World War I exhibition opens at Fairfield Museum

How did government-sponsored messages about World War I affect those who lived through it? The federal government used posters, publicity campaigns, and censorship of critical viewpoints to inspire support and sacrifice on the home front as well as the military front. The Fairfield Museum’s newest exhibition explores these messages and how they influenced people in the Fairfield and Bridgeport area, where war-time manufacturing made the city into a boom town.

Uncle Sam Wants You: Fairfield in the Great War opens on the evening of Thursday, Sept. 28 with a special “Museum After Dark” event at 6 p.m. A reception will begin at 6 and the presentation, featuring local perspectives on WWI, will start at 6:30. The discussion of “Connecticut and WWI” will be led by Dr. Elizabeth Rose, Fairfield Museum Library Director and panelists will include Cecelia Bucki of Fairfield University, historian and author Michael Bielawa, and Jennifer P. McLaughlin of Sacred Heart University. Free for members and $5 for nonmembers.

Highlights of the WWI exhibition include wartime posters, photographs newspapers, letters, uniforms and memorabilia from people from Fairfield who served “over there” and on the home front. Visitors can examine posters and broadsides for local patriotic rallies, calling on citizens to purchase Liberty Bonds, volunteer for overseas service, or conserve food for the war effort. Also on view are letters and journal entries from locals like Theodore Burr, who volunteered at the age of 17, enlisting in the Coast Artillery Corps in 1917. He wrote, “January 25, 1918, Blois, France: I get the blues but most of the time I keep feeling human…When I get my mail coming through good, and get my pay, so that I can get some real good cooked food I’ll be nearly all set. The only thing missing then will be Fairfield and home.”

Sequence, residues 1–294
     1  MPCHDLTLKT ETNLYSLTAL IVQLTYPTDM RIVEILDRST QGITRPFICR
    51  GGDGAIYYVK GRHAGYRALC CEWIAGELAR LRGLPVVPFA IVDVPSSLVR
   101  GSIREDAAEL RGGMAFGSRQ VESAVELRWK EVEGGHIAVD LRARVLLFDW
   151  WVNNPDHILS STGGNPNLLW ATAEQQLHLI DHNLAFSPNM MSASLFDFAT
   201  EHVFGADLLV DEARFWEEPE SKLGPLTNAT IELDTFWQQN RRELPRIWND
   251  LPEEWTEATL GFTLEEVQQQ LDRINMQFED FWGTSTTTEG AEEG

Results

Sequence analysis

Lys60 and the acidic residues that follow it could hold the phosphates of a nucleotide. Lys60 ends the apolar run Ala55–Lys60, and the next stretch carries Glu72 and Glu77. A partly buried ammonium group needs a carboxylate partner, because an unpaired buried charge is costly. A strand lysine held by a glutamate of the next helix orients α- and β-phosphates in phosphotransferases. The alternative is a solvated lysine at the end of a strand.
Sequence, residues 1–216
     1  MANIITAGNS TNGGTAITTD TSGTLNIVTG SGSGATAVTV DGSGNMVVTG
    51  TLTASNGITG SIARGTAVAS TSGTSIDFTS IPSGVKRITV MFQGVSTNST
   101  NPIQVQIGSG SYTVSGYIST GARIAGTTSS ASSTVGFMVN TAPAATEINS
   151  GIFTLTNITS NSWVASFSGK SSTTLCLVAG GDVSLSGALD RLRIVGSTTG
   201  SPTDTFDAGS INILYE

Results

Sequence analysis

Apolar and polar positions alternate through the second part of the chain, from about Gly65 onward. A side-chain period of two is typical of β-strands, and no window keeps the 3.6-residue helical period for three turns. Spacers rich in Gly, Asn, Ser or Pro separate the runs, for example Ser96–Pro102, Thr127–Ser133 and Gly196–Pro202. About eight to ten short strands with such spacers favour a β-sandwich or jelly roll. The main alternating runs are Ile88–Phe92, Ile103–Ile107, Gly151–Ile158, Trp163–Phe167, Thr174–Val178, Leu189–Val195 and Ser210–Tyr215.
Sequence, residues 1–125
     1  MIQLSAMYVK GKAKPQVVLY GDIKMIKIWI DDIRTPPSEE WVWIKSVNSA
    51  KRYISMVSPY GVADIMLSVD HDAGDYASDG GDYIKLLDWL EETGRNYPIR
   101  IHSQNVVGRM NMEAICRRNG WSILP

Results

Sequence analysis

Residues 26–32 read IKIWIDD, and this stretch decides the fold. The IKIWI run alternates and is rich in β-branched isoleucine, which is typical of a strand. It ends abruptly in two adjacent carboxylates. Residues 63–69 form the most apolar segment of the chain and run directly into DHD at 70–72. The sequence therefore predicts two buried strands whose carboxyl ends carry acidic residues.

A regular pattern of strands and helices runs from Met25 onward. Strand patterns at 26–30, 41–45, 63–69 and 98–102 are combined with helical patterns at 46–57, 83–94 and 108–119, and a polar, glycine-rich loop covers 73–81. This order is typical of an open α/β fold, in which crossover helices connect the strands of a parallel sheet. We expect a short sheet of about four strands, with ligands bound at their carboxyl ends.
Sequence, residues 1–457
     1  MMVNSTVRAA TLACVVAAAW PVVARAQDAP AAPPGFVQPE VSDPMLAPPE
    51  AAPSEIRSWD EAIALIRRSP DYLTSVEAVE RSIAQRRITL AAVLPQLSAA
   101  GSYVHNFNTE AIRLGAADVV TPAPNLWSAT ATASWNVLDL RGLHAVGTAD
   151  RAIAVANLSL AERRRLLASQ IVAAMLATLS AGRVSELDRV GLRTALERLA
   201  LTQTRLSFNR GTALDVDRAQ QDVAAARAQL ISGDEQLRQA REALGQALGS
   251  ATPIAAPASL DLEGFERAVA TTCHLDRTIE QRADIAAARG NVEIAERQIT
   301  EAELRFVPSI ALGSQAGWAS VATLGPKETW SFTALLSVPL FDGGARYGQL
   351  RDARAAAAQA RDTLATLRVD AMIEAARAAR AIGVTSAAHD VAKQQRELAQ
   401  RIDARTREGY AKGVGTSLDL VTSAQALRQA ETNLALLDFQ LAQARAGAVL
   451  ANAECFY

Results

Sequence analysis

The exhibition will remain on view at the Fairfield Museum, 370 Beach Road, through Jan. 21, daily from 10 a.m.-4 p.m. Visit Fairfieldhistory.org for more information.

This 1915 poster by Wallace Robinson depicts canines in the uniforms of England, Germany, France and Russia with a bull terrier in the center wrapped in an American flag instead of a uniform, declaring neutrality and strength.

This 1915 poster by Wallace Robinson depicts canines in the uniforms of England, Germany, France and Russia with a bull terrier in the center wrapped in an American flag instead of a uniform, declaring neutrality and strength.

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